Otherwise the question is a complicated one.
      To colour the background depends on the type, thickness, age, resistance to water, fibre type and size of the paper used and then the colour required, its paint substance, the viscosity, the acidity of the water, the density of the mixture and on and on and on.

      In art there is no recipe that’s universal.
      You experiment as we all do.
      And even then, this week it looks one way next week another because weather changes, humidity changes, speed of drying, and so on.

      The PERFECT way? you nee an airbrush and paint solution that will work through it. This way the mist is so fine it will discolour the paper without droplets and without tide-line.

      Be confident. Anything goes. This is art. Not cake baking. 🙂

    • #15217
      Masterriekjecares
      Participant

      I did a background with teawash (book nan rae) 5 tea bags in a cup. At the back of the paper first only with water next the teawash, both with a wide brush. I put a glass on the painting for the sun. It came out beautiful.

      • #15444
        罗雁 LuoYan罗雁 LuoYan
        Keymaster

        beautiful! I just remembered that Neil (our friend) told me that he likes using tea to get a special colour background for his papers. I like his birds and flower paintings.

    • #15529
      Scholarhanayama
      Participant

      Hi,

      Yes, using tea is quite lovely for colour.  I think the same applies to most natural colours created from organic materials, and I don’t believe one should limit oneself to ‘rules’.   I have done a few background washes for effects. It depends on the subject matter.  My first attempt came out quite well – because my subject was very simple – just a single character for ‘autumn’, done in a cursive style.  So I did a watercolour wash in a typical autumn colour (a warm golden) on the back of the painting using a wide soft brush – the softer the better as it won’t streak – western style brushes can work as well. There is a technique to applying a wash – slow and steady is key, particularly on very thin paper!  I mist the paper first so that the whole piece is wet, but not soaking!  The secret is that since you are using a watercolour wash, which by its very nature already quite diluted, you don’t need to overwet your paper, which will make it difficult to avoid tearing it.  Your brush is also wet prior to starting – and again, just damp. You will further dilute your colour if you use a brush that is soaked in water.  I start by carefully and lightly touching the colour down and moving the brush horizontally – and don’t switch movements – i.e., keeping going in the same direction all the way down and try not to wash over an area twice. Avoid ‘layering’ which will make some areas darker or possibly create streaks.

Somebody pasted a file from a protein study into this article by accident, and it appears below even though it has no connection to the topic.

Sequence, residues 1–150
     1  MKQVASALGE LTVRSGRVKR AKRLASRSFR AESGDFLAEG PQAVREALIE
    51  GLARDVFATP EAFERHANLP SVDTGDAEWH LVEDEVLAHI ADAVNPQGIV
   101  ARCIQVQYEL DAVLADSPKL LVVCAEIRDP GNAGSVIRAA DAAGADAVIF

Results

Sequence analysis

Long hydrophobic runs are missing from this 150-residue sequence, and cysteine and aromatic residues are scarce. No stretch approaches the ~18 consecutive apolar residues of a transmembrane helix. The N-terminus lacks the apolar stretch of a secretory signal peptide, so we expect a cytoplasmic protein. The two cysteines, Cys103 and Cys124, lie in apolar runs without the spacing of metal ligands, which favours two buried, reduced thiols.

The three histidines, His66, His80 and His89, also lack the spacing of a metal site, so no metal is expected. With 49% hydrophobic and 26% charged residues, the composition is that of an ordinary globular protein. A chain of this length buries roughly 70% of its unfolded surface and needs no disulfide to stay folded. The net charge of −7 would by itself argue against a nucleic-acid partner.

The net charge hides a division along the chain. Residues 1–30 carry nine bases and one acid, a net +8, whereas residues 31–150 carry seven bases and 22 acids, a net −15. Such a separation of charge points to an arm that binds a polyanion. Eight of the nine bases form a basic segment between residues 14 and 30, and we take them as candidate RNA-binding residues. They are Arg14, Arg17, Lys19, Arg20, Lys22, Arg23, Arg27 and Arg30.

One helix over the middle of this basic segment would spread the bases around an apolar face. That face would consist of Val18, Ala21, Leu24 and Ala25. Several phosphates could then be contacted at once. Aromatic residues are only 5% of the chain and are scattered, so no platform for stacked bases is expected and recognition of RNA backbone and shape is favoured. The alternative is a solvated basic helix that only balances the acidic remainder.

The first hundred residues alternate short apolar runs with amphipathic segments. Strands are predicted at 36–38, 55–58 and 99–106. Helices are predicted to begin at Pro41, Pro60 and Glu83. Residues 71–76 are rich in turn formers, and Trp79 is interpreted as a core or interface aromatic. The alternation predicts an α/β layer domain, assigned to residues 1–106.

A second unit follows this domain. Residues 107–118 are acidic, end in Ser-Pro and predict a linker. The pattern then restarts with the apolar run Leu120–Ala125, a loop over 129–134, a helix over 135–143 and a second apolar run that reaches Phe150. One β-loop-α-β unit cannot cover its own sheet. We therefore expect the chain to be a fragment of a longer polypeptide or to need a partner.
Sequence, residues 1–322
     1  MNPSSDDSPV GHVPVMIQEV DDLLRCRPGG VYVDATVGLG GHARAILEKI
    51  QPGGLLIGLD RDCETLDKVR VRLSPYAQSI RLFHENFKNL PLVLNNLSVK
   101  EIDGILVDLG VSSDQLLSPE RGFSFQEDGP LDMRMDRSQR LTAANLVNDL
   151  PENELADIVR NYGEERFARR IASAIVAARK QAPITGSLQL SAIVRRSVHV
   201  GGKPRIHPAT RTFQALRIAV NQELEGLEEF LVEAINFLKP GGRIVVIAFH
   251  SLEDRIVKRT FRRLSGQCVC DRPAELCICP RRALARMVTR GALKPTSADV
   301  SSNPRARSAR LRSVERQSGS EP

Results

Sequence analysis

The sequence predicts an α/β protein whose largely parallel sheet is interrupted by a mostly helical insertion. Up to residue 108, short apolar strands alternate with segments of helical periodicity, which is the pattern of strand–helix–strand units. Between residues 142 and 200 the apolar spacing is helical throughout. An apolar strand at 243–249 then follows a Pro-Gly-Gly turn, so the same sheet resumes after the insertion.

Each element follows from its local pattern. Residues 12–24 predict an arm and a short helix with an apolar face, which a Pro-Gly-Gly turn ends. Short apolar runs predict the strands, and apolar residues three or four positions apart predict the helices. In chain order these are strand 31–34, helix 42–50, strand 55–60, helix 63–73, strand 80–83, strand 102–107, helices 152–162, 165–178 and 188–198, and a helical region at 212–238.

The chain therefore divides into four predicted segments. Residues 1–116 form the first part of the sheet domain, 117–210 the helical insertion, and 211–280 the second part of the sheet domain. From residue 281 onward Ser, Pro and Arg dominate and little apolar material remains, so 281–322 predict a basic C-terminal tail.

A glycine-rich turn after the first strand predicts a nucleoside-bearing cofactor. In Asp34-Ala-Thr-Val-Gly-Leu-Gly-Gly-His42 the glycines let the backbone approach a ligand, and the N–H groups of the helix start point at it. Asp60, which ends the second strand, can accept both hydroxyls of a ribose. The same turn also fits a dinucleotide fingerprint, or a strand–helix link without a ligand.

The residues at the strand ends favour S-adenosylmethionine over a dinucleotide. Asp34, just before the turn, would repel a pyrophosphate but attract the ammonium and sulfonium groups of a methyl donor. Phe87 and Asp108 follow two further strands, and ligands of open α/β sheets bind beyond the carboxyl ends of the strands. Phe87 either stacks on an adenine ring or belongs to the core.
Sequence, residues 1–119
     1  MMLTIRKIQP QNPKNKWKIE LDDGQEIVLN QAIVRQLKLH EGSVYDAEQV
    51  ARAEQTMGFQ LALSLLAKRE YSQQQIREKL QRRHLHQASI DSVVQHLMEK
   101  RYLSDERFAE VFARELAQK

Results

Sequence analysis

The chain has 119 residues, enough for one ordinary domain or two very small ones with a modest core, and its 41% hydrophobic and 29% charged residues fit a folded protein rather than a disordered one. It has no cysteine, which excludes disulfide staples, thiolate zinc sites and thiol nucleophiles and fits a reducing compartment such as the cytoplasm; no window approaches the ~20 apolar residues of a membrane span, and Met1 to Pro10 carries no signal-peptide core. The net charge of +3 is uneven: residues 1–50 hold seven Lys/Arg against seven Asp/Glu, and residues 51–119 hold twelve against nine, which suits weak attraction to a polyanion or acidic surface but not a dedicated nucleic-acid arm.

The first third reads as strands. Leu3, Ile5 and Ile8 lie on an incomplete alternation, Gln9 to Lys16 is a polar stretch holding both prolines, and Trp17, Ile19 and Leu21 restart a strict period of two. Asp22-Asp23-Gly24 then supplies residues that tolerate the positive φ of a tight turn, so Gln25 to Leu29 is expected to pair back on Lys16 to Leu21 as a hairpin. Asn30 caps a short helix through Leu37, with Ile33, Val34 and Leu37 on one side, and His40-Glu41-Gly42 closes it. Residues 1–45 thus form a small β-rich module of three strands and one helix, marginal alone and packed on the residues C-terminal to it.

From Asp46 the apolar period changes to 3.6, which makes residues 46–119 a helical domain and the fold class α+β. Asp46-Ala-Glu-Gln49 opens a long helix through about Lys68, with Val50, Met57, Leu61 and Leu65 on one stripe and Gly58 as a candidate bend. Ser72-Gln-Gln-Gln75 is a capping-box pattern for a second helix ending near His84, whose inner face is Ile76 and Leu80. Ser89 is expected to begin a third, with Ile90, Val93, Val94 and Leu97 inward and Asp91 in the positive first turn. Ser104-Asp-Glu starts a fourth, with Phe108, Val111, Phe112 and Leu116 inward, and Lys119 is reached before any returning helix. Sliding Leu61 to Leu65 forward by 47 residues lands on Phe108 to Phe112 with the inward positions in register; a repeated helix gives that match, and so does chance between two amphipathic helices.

PS I always do a test run first – that way if my colour is wrong, or whatever, I don’t have a bad surprise. For the record, I have torn the paper by going too fast or using too much pressure.  But it’s fun, can be really exciting and it’s a great learning experience. Good luck!

       

    • #15687
      Masterriekjecares
      Participant

      I hope i did it right, if it works, this is a video from Nan Rae, about a misty backgound.

    • #16015
      rincondereyesrincondereyes
      Participant

      thank you very much

    • #16437
      罗雁 LuoYan罗雁 LuoYan
      Keymaster

      Master Sun Yan´s recommendation: use light Chinese painting colour to do the colour background instead of tea bags. This is because colour got from tea is not as stable as colour got from natural pigments.

       

    • #16450
      罗雁 LuoYan罗雁 LuoYan
      Keymaster

       

      Gongbi master Huang GuoHong replied: sometimes I need to use a lot of paints for large scale painting. However, almost all Chinese paints are in small portion. Especially the professional paints from Jiang SiXu Tang. In order to speed up the paint preparation, I sometimes also use Acrylic paint for large scale colour application.

      Nevertheless, only very few Acrylic paint colours are suitable for painting on Xuan Paper. I have tested almost all the colours and found only very few types. I suggest you test the colour before you use it to paint on Xuan Paper.

      Huang Guohong 黄国鸿 – Chinese GongBi Detail Painting

    • #16532

      <p style=”padding-left: 30px;”>Que bonitos los fondos de color.</p>
      Tomare nota, e ire practicando.

      Muchisimas gracias por tan buenas ideas!!

    • #16562
      罗雁 LuoYan罗雁 LuoYan
      Keymaster

      ¡Gracias! Sin embargo, usamos principalmente inglés en este foro. Aunque hay traducción automática, no siempre es precisa. También publicamos artículos en nuestro sitio web.

      https://www.inkston.com/es/historias/

      Por ejemplo, creemos que podría estar interesado en este artículo ya que acaba de comenzar a aprender este arte. En este artículo, el artista chino habla sobre conceptos básicos sobre la pintura china. También habló sobre sus técnicas especiales.

      Paisajismo chino con Wang Zirang

      Estos artículos están escritos por nosotros y están bien traducidos al español. Cada mes, vienen nuevos artículos. Espero que los disfrutes!